Lisa Bowens on African-American Readings of Paul

Lisa Bowens on African-American Readings of Paul November 15, 2020

Lisa M. Bowens
African American Readings of Paul: Reception, Resistance & Transformation
Grand Rapids, MI: Eerdmans, 2020.
Available from Eerdmans

Okay, easily one of the best reads in biblical studies for 2021 has to be Lisa Bowen’s book on the reception of Paul in African-American interpretation.

After the first two pages I was hooked.

Due to the Pauline household codes, i.e. slaves obey your masters, you would expect or understand why African-Americans in the 19th century might not be a fan of Paul. However, Bowens shows that the picture is far more complex and diverse than that. The Pauline household codes were negotiated and even re-tooled as arguments against slavery. Beyond that, Acts 17:26 (from one blood he has made every nation of people) and Gal 3:28 (In Christ there is neither slave nor free) loom large as favourite texts. Paul was very important for how African-Americans told their conversion stories, he figured prominently among African-Americans abolitionists and among the first African-Americans women preachers, and of course you can find many quotations and allusions to Paul in the writings of Frederick Douglas in the letters and sermons of Martin Luther King.

There’s some harrowing stuff that is hard to read. Courts acquitted slave owners over raping their slaves. The brutality of slave owners and the misery of slaves. How religion was used to justify the evils of and even the evils in slavery. But, as Bowens points out, “African-Americans engaged in a reclamation or resistance hermeneutic in which they reclaimed Paul for themselves in their fight and struggle against injustice and asserted their use of him in their resistance of racism” (p. 6).

I knew some of this stuff, I saw the movie Roots, I’ve read a few MLK sermons, I’ve picked up stuff from history and the odd lecture here and there, but it really was an eye-opening book to see how Paul shaped the diverse expressions of African-Americans Churches in light of the American practice of slavery. Bowens narrates short biographies of so many individual figures you’ve probably never heard of but have great stories to tell, like Maria Stewart, the first American-born woman of any race to lecture on politics; Daniel Payne, America’s first African-Americans college president; and Harriet Jacobs, the first African-American woman to write an autobiography.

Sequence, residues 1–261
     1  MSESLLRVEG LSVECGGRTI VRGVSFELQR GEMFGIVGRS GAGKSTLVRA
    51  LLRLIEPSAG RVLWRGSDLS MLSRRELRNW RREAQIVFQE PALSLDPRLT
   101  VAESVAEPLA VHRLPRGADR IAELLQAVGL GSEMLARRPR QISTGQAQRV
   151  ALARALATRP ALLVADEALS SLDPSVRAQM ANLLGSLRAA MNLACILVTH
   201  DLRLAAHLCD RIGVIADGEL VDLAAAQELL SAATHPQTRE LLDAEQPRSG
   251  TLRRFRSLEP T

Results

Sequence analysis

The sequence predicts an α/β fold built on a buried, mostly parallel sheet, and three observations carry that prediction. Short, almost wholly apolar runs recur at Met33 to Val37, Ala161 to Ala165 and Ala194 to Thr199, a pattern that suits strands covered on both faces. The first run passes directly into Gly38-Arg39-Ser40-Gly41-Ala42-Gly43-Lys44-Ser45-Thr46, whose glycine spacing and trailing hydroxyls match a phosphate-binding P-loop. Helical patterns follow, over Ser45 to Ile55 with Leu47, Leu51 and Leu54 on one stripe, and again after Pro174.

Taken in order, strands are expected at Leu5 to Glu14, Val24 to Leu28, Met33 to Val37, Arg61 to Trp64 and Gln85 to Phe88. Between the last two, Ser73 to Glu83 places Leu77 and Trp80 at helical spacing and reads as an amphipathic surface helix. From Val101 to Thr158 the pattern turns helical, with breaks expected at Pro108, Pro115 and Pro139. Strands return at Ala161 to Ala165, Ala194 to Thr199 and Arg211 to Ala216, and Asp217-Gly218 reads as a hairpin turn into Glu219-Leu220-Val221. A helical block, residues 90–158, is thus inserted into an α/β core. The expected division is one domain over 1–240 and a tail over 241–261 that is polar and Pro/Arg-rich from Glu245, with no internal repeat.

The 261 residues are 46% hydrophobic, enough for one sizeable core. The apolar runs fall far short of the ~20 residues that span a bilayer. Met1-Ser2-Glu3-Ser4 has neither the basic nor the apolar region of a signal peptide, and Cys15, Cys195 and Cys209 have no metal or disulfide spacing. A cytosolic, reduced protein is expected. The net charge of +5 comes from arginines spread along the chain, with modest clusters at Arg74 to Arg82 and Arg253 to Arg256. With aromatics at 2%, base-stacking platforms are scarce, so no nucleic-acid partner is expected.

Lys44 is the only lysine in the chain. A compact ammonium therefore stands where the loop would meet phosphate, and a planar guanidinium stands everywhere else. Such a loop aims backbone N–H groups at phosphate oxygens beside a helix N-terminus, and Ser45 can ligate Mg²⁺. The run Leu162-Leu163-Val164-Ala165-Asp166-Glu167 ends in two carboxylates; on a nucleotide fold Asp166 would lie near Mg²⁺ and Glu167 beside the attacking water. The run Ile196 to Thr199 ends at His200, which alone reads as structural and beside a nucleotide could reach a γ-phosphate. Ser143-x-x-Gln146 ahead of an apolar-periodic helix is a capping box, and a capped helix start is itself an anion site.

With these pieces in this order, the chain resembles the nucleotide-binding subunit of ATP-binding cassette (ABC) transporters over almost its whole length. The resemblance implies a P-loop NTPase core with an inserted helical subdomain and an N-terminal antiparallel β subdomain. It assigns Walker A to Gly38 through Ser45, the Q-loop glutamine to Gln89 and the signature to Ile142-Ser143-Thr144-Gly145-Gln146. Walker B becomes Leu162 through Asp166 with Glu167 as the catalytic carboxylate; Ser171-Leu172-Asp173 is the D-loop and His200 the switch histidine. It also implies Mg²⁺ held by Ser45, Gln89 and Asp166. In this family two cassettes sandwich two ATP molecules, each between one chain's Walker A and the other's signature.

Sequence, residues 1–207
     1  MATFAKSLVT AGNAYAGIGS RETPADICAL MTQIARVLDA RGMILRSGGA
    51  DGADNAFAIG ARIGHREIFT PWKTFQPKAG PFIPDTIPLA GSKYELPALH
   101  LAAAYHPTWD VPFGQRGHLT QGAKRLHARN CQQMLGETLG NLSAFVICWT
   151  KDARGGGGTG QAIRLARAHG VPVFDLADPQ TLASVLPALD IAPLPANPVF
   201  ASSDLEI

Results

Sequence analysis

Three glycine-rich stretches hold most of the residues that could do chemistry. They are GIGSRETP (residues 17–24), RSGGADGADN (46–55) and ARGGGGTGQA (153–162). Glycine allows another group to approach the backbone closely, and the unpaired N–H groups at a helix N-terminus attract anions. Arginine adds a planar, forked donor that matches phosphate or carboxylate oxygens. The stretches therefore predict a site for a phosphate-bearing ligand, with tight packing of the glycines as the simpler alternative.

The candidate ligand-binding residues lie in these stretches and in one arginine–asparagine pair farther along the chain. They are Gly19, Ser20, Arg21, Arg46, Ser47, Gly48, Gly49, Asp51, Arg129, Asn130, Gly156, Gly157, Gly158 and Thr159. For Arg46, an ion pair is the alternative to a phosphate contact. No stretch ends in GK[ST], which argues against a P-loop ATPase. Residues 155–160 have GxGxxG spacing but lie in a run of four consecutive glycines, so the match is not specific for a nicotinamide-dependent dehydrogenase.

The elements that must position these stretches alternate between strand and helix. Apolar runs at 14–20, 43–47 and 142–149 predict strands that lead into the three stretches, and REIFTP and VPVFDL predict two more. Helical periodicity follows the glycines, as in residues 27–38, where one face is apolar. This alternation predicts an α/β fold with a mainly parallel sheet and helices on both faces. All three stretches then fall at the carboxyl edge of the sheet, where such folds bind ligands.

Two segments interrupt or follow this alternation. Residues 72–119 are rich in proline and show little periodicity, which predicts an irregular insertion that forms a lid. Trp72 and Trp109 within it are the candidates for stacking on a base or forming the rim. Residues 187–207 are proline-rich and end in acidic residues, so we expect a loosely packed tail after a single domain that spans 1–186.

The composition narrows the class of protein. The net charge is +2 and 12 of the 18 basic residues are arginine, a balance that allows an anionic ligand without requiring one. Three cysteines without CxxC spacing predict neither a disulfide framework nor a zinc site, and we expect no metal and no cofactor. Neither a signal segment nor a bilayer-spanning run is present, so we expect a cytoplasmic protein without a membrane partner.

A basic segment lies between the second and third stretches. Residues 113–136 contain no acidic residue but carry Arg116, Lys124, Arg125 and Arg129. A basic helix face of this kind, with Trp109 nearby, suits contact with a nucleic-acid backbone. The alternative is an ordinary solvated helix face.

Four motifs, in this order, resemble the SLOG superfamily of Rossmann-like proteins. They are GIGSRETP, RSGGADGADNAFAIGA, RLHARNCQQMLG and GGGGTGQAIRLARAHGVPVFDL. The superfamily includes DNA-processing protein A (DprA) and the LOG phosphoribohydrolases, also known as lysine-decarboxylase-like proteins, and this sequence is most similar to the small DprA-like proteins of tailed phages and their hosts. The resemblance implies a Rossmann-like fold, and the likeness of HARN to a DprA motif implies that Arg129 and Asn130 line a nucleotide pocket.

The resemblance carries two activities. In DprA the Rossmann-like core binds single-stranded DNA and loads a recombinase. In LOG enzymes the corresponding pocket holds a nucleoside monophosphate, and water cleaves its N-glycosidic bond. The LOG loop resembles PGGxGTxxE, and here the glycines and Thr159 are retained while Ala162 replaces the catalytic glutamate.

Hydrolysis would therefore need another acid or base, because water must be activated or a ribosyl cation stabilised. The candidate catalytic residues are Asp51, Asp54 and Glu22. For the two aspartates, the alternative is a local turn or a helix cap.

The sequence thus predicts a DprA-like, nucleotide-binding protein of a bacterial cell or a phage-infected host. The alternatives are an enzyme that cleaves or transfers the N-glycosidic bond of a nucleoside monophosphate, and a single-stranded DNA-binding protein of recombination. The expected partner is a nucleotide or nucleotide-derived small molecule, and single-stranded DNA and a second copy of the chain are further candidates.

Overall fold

This is a book that is very readable, quite stirring and convicting, and could certainly be used in courses on the Apostle Paul, it’d be great for an assigned book review or a special seminar.

If you like this, you will also like Esau Macaully’s book Reading While Black, and  Anthony Bradley’s volume Why Black Lives Matter.

Here’s a summary of Bowen’s book from the website


The letters of Paul—especially the verse in Ephesians directing slaves to obey their masters—played an enormous role in promoting slavery and justifying it as a Christian practice. Yet despite this reality African Americans throughout history still utilized Paul extensively in their own work to protest and resist oppression, responding to his theology and teachings in numerous—often starkly divergent and liberative—ways.

In the first book of its kind, Lisa Bowens takes a historical, theological, and biblical approach to explore interpretations of Paul within African American communities over the past few centuries. She surveys a wealth of primary sources from the early 1700s to the mid-twentieth century, including sermons, conversion stories, slave petitions, and autobiographies of ex-slaves, many of which introduce readers to previously unknown names in the history of New Testament interpretation. Along with their hermeneutical value, these texts also provide fresh documentation of Black religious life through wide swaths of American history. African American Readings of Paul promises to change the landscape of Pauline studies and fill an important gap in the rising field of reception history.

Table of Contents

Introduction: African American Pauline Hermeneutics
Chapter 1: Early Eighteenth Century to Early Nineteenth Century
Chapter 2: Mid-Nineteenth Century to Late Nineteenth Century
Chapter 3: Late Nineteenth Century to First Half of Twentieth Century
Chapter 4: Pauline Language in Enslaved Conversion Experiences and Call Narratives
Chapter 5: African American Pauline Hermeneutics and the Art of Biblical Interpretation

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